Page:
February 2010

World of Apps

I don’t think I knew what an app was a year ago. Now it’s impossible to go a day without reading or hearing about them, or for many, using them. App is short for the applications that started as features of the iPhone and iPod Touch, though you’ll now find them on other mobile phones and devices. These clever add-on programs allow users to perform specific tasks like requesting restaurant suggestions, getting directions, or looking up movie times.

Apps are usually dependent on access to the Internet, but some -- like certain measurement- and currency-conversion apps or Tipulicious, which calculates tips -- download necessary information onto the device itself so that the app’s functionality is always accessible.

There are now a large number of apps that are tailored to people who listen to music, and at least a few are tailored to audiophile operations. Many are meant to sell you something, including more downloads. Naxos recently released such an app through its online service, Classics Online, and Magnatune also has a worthwhile free app that lets you listen to any of the titles in its catalog. You can search by title, artist, or genre, and once you’ve made a selection, you can listen to the entire album or pick specific tracks. After each track an announcer tells you what you just heard, and you’ll eventually hear a commercial for the Magnatune website. If you find something you really like, and you have an account set up, you can click Buy to purchase it.

Another class of apps aims to increase your knowledge of music. Karajan lets you train your ear to recognize intervals, chords, scales, tempos, and more. It’s available for a fee, or you can download the slightly watered-down free version. Need to remember the lyrics to a song? Try Camena, which finds the lyrics of whatever song you play. Note to iPod Touch users: you’ll need a microphone for this feature (the iPhone has one built in). And if you want the title and the lyrics, try MusicID.

These are all fun and useful apps, but one that I feel best suits this site is iPeng. If you own any of the Squeezebox products that stream your computer’s music library on your audio system, especially the Classic or the top-of-the-line Transporter, you’ll know that the remote controls leave a bit to be desired. They display no information, so you have to constantly look at the unit to see what’s going on. Logitech makes a remote control that displays information on its screen, and they include it in the Duet package, but it’s expensive if you want to purchase it separately. The lowest price I could find is $250. And apparently the new Squeezebox Touch, which adds a full display to the unit, will also be packed with the no-display remote.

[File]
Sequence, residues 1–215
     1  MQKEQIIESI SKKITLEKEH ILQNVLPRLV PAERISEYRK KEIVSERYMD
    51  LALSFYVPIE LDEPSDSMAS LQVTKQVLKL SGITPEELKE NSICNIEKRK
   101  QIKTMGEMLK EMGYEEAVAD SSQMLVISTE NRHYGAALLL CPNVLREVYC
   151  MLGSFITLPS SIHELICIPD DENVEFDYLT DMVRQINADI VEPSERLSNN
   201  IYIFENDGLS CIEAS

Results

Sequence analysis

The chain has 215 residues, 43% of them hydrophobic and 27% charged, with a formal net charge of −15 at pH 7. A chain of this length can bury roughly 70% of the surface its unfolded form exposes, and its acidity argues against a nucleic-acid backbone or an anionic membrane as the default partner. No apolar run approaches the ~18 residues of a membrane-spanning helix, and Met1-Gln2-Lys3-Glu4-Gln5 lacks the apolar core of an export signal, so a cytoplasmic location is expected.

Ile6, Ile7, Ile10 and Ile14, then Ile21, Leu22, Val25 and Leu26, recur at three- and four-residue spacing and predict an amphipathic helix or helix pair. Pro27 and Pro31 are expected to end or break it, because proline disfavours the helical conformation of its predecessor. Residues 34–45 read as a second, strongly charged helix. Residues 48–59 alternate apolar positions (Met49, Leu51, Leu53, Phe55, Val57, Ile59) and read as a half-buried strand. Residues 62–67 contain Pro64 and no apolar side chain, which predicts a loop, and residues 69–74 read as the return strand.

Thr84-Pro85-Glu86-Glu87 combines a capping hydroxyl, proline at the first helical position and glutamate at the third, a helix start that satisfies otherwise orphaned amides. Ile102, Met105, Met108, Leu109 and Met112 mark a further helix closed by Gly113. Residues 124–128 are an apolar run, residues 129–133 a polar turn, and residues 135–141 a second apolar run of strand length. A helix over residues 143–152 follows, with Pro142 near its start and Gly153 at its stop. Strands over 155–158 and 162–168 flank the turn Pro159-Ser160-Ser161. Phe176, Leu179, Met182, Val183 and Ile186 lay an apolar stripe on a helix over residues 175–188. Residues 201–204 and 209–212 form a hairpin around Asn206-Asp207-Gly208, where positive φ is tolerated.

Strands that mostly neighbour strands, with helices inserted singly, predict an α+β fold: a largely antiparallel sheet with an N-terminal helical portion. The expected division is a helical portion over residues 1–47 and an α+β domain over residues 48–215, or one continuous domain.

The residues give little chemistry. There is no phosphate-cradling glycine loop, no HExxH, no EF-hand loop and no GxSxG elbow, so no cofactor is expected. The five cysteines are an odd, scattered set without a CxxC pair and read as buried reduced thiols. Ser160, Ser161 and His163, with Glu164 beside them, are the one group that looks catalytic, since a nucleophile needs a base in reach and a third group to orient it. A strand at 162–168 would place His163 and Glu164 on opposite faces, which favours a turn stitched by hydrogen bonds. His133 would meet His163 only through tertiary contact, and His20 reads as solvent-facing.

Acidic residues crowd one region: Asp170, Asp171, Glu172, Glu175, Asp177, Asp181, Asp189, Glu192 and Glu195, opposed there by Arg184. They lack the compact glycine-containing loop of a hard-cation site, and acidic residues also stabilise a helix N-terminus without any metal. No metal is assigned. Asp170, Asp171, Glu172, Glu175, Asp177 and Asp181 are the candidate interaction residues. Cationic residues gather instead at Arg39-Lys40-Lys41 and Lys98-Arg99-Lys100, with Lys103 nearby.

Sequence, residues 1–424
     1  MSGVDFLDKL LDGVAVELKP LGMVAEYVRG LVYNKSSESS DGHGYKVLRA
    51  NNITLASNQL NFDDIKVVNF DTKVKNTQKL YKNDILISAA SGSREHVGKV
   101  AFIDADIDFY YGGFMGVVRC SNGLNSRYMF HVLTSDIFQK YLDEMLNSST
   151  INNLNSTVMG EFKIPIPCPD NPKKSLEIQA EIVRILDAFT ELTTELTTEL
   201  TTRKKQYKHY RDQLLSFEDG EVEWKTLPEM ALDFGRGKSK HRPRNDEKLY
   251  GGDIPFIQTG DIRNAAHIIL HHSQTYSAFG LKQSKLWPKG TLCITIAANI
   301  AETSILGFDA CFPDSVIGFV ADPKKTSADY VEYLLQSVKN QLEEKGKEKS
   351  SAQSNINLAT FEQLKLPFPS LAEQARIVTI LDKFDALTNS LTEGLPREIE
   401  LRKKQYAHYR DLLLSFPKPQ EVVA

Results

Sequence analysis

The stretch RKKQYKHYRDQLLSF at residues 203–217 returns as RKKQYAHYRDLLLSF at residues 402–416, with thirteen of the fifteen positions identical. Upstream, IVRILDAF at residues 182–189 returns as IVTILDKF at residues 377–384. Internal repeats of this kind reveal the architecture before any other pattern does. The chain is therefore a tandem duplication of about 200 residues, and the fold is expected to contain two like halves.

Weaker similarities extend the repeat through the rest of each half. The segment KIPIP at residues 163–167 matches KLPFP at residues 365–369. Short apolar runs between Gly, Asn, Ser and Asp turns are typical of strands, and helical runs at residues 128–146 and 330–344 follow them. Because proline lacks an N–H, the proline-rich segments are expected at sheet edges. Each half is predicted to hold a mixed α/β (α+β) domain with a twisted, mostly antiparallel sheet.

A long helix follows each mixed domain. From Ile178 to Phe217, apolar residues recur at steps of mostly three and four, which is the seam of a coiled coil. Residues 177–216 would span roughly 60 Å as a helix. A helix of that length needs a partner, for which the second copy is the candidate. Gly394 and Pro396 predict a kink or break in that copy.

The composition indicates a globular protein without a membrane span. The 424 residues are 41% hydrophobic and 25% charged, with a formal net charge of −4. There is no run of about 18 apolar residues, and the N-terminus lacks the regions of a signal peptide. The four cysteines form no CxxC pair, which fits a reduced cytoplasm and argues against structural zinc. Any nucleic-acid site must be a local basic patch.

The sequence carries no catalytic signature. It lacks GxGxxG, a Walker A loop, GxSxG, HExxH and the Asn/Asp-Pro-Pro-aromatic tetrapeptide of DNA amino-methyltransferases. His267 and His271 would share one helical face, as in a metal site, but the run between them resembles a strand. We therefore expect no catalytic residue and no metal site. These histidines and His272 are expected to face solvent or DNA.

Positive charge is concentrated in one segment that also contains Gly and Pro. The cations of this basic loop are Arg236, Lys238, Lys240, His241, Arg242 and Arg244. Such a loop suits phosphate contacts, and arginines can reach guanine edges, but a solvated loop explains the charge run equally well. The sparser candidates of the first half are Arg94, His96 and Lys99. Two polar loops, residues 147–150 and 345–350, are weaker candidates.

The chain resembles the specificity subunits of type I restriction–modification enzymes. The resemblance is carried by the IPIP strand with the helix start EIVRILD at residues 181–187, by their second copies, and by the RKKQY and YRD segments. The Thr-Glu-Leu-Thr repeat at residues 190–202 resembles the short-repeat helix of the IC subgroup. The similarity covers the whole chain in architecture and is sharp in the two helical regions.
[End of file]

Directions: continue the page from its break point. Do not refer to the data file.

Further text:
But iPeng solves this issue (at only $9.99) if you own an iPhone or iPod Touch. The app turns your device into a full-featured remote control for your Squeezebox product. At a fraction of the cost of the Logitech controller, the iPeng application offers even more features. You can search by album title, artist, genre, or year. And it displays album covers if you have them in your library. You can also access a group of "Now Playing" screens simply by swiping the screen with your finger. You can also repeat playback, activate shuffle, or add tracks or albums to create a longer playlist. And you can access all of the SqueezeNetwork radio stations as well as subscription services such as Rhapsody.

In fact, there’s not much I can think of that the iPeng app won’t do. It took a bit of getting used to, since I’d been using the plain remote. At first I kept looking at the Squeezebox screen for confirmation of a command, when all I had to do was look at the iTouch screen. But once I got used to it, I was freed from having to be close to the box. I could give commands while standing across the room, or even, since I have house-wide WiFi, from another room! Overall, I was more impressed with the iPeng than any other app on my iPod Touch. It’s a powerful, accurate tool with a simple interface.

There’s currently a bug with iPeng that might give users of McAfee virus protection a problem. If you have a large number of albums to load into iPeng’s cache, McAfee can see it as a threat and will allow only so many to be cataloged. You can turn off protection for a few minutes while you load, or you can wait for the SqueezeCenter update, which is available now in beta but still full of bugs. McAfee, curiously enough, is doing nothing. If you have the older home version or the professional versions of McAfee, you can exclude the files, but if you have the newer home version, the one that Comcast offers with its subscription, you can’t.

The world of apps is a fascinating and productive one, and it’s so vast (and still growing), that I’ve barely scratched the surface. I’d suggest that readers who find an interesting app let us know so we can spread the word.

. . . Rad Bennett